The theory gives a warning: break-off groups need to be tied to the main congregation else they may splinter away. Think of LDS Church leaders’ past and current concerns about the danger of “study groups.” There needs to be enough gained via affiliation with the main congregation to merit a continued relationship but enough gained in the break-off groups to achieve high participation. A similar tension holds more generally for the relationship between denominations and their congregations.

    How megachurches resolve this is not entirely clear, though I’ve heard speculations that the charisma of the founder is key, which means worries about succession crises can arise. I think most Mormons would see the authority lines in the LDS Church as being key for Mormons in this regard.

    Sorry for the long pontification. I hope it was worth reading. Back to your question: Yes, in general any time you bring people together to build ties, I think you are going to increase retention… and create opportunities for conversion. So bring those doughnuts. And then let’s pray and play some ball.

    Comment by Mike M. — July 30, 2010 @ 12:58 pm

  6. ed42- Don’t believe the 1/2 Million hype. As a former ward clerk, not even close. And then, when you think about 3rd world countries where the total combined tithing of a ward is less than my 3 year old makes in a year, just be glad we practice socialism when it comes to tithing.

    Eric- Interesting comment RE- more friendly than friends. To me that is an indicator that something is missing, but I don’t know how to articulate what it is.

    DeeAnn- I don’t think the Bishop wants that sort of control. I do think it will change the way I approach Sunday School the next time I am asked to substitute there.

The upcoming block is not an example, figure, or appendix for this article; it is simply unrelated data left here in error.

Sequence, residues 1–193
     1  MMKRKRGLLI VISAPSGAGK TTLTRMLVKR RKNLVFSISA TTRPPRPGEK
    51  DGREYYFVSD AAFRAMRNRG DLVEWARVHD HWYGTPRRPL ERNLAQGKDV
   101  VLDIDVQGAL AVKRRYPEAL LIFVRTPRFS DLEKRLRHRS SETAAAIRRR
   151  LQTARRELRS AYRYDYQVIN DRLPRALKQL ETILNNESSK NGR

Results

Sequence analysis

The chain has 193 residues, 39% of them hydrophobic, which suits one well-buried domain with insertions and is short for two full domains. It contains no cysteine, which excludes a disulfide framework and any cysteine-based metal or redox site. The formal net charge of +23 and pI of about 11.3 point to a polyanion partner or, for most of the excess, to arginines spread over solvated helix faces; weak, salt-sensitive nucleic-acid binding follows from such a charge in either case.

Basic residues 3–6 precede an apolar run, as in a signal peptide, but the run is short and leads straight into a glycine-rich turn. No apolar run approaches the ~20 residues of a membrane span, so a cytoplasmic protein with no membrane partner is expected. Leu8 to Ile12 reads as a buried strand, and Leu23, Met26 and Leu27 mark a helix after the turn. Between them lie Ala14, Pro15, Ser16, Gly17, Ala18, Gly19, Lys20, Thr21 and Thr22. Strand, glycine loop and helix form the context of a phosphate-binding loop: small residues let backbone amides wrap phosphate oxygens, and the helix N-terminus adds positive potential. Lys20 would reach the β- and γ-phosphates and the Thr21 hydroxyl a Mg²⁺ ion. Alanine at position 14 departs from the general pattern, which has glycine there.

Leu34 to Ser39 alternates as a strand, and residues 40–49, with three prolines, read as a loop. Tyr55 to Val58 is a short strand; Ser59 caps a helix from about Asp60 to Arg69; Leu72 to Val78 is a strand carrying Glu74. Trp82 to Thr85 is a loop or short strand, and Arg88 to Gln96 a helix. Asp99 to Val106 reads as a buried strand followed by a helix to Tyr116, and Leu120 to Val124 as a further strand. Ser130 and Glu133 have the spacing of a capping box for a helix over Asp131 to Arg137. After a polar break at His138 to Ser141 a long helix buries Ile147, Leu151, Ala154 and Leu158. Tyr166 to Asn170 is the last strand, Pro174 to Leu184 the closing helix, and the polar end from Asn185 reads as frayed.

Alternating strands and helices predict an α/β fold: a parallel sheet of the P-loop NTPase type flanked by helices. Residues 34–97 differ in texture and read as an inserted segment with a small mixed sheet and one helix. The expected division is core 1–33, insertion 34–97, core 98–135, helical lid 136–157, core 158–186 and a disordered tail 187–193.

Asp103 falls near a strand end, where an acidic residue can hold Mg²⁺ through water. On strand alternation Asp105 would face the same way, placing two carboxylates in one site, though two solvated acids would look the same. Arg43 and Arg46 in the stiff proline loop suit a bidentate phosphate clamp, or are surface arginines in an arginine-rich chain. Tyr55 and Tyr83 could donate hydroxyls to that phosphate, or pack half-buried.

Aaron R.- I’ve never read Stark, but I do think we are a bit too lenient on our requirements for regular church attendance. David Stewart Commented that we could greatly increase retention just be increasing the baptismal requirement from 2 weeks consecutive worship to 3 weeks.

    Mike M.- Very interesting, but I had no idea there were concerns with the dangers of study groups. Anyway, the more I think about it, the more I think the LDS church most resembles one gigantic mega church with lots of local branches.

    Comment by Matt W. — July 30, 2010 @ 1:59 pm

  7. Matt #6: “Anyway, the more I think about it, the more I think the LDS church most resembles one gigantic mega church with lots of local branches.”

    I agree that there are striking similarities. Lots of bundling, lots of evangelizing, lots of explicit attempts to get visitors.

    But I think that there are some real differences, too. This might sound funny in the bloggernacle, but relative to megachurches the LDS Church places much more emphasis on learning doctrines and deeper study of scriptures, which ties people much more to the denomination than to the local congregation per so. Doctrines at megachurches are somewhat generic so the social ties become the real strong ties to the congregation, much more so than with LDS. And despite all the bragging by LDS about LDS growth, megachurches are much more powerful growth machines than the LDS.

    Overall, my sense is that megachurches grow much faster but yield a weaker form of overall commitment. It’s all about trade-offs. I see LDS as wanting growth, too, but willing to give up some growth trying to get more of the latter, too. Think of the “raising the bar” with missionaries and requiring converts to attend sac mtg twice before baptism. Both wanted to raise certain standards but sacrificed some growth in the process.

    Comment by Mike M. — July 30, 2010 @ 2:31 pm

  8. Don’t believe the 1/2 Million hype. As a former ward clerk, not even close.

    I don’t know, that seems like a pretty typical figure for a “middle class” ward on the Wasatch Front (not that I have any but the most incidental experience with that).

    Comment by Mark D. — July 30, 2010 @ 7:29 pm